The leaders of North Korea and South Korea, Kim Jong Un and Moon Jae-In, met and shook hands today for the first time in a decade.
The Korean leaders met for a one day summit at Panmunjom, the heart of the demilitarised zone separating the two countries. The talks involved the denuclearisation of the Korean Peninsula and ways to establish peace and improve ties with each other.
There has been widespread scepticism towards the summit since previous summits weren’t fruitful, which Jonh Un acknowledged: “We have reached big agreements before but were unable to fulfil them … There are sceptical views on whether the meeting today will yield meaningful results,” he said. “If we maintain a firm will and proceed forward hand in hand, it will be impossible at least for things to get worse than they are now.”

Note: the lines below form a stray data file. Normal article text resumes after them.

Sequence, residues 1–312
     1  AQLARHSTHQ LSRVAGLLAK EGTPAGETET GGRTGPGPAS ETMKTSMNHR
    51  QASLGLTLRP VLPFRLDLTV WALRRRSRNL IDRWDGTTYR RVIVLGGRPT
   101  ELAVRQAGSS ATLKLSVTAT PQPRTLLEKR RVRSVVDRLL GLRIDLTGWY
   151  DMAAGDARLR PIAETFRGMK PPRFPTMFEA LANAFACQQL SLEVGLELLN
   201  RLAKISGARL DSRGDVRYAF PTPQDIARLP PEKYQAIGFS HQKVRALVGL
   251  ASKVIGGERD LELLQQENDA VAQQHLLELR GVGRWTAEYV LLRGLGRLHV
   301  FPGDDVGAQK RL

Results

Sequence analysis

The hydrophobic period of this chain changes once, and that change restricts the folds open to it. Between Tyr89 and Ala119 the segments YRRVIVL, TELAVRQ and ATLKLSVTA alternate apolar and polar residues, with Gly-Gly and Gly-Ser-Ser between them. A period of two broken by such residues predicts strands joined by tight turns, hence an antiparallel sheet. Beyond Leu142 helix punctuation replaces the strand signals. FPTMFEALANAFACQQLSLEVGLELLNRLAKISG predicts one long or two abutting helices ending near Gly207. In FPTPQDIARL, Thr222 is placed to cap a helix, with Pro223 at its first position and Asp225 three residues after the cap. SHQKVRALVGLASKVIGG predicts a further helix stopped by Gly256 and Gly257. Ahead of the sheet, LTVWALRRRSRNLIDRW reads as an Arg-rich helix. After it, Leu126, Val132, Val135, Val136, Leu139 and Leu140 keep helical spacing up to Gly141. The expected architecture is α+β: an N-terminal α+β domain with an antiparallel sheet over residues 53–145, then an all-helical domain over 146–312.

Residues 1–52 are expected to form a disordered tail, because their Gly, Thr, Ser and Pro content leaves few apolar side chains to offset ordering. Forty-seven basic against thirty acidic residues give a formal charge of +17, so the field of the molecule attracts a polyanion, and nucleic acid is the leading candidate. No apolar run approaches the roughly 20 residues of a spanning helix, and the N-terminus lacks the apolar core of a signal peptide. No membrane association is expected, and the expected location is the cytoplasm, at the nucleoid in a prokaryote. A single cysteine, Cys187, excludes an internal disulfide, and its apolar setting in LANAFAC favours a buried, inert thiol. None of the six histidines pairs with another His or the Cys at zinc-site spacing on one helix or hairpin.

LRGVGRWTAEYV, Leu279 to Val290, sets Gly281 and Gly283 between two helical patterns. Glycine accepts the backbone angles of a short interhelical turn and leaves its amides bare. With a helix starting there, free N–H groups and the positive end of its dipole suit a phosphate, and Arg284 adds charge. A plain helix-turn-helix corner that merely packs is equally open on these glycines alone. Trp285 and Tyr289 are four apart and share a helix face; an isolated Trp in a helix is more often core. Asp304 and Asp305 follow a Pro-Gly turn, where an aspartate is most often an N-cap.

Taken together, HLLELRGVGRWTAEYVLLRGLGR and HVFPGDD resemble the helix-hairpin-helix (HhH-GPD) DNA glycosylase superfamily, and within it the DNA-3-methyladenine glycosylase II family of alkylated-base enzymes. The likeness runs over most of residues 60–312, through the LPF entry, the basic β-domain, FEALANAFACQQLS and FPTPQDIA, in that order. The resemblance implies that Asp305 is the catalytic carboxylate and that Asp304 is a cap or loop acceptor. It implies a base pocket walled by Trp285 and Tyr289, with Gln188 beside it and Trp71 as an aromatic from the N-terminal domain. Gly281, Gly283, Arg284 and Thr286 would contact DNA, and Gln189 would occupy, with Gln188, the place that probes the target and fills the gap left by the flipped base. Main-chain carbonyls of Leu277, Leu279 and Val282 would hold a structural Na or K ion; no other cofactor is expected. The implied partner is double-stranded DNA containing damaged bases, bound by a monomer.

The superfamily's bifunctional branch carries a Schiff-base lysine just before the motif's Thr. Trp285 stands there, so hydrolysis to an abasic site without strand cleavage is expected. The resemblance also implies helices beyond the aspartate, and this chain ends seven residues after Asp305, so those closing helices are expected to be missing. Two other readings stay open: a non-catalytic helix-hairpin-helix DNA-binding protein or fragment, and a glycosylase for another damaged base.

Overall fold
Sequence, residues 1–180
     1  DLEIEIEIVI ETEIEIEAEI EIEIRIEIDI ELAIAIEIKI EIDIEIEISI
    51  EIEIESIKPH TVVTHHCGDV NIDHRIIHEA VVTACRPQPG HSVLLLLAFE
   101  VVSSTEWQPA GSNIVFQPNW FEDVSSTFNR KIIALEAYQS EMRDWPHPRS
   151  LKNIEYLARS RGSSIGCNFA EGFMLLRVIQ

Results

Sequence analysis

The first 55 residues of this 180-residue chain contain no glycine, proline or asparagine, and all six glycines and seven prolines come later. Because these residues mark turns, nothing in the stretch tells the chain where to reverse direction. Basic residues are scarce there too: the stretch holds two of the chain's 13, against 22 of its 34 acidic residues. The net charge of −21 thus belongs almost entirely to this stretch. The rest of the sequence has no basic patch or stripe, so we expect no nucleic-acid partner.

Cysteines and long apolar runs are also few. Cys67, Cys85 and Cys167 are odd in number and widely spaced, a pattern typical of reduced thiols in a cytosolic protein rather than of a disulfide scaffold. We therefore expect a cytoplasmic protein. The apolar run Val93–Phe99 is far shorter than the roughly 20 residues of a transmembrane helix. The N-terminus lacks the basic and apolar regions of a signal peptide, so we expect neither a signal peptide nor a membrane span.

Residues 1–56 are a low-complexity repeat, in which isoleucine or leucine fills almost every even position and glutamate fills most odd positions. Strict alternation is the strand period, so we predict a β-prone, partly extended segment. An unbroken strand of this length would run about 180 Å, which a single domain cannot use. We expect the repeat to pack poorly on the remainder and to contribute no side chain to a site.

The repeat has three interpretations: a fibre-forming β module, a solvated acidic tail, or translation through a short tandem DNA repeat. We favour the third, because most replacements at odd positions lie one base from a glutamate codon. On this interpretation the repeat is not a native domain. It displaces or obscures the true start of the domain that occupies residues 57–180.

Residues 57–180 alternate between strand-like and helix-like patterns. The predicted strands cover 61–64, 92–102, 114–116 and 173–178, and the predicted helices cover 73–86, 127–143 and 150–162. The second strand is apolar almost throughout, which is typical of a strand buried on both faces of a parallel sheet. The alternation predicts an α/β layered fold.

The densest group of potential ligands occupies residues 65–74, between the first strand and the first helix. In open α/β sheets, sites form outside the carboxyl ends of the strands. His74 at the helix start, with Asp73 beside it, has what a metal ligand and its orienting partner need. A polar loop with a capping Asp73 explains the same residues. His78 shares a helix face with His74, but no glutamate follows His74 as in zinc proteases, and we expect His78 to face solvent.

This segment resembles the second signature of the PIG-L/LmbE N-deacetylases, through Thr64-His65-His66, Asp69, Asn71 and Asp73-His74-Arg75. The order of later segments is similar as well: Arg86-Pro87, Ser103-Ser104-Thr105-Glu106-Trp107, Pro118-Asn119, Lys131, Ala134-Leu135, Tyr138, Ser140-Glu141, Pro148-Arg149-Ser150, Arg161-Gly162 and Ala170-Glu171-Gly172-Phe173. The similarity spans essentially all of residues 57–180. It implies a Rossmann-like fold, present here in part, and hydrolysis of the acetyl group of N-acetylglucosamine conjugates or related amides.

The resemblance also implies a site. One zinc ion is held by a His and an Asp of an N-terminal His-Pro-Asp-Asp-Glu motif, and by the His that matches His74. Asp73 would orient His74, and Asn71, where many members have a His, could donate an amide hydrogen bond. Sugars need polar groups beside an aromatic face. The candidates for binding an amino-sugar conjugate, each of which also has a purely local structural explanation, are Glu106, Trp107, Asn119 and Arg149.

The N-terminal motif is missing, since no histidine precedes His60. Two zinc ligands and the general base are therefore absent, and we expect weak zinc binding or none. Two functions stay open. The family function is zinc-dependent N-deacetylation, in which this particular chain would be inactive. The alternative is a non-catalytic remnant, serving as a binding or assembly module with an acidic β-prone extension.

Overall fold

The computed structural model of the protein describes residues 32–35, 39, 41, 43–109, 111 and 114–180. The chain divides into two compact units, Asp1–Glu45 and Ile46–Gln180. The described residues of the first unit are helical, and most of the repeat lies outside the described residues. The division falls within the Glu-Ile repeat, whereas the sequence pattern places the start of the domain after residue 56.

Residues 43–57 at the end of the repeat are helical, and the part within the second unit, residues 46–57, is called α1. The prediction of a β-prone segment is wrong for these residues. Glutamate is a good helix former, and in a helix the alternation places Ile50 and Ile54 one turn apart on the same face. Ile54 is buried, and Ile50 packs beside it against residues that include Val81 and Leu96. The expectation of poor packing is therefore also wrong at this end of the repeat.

Jong Un and Jae-In met at the location of the demarcation line that has kept the two countries apart since the 1953 armistice that called a cease-fire between military forces. While they are still technically at war, there have been no conflicts since the armistice.
The two leaders greeted each other, and after some conversation, Jong Un stepped over the demarcation line into South Korea, becoming the first ever North Korean leader to do so. Jae-In then stepped over the line into North Korea, which hasn’t happened since the last summit in 2007 involving Roh Moo-Hyun and Kim Jong Il.